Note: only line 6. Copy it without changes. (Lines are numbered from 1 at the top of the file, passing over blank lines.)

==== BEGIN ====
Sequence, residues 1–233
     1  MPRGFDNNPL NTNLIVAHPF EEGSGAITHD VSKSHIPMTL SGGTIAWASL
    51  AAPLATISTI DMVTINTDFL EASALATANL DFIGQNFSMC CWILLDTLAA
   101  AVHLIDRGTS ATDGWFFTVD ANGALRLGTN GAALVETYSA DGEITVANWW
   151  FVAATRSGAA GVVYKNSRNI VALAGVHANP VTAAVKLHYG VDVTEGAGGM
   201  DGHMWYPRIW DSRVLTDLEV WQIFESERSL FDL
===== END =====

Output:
   201  DGHMWYPRIW DSRVLTDLEV WQIFESERSL FDL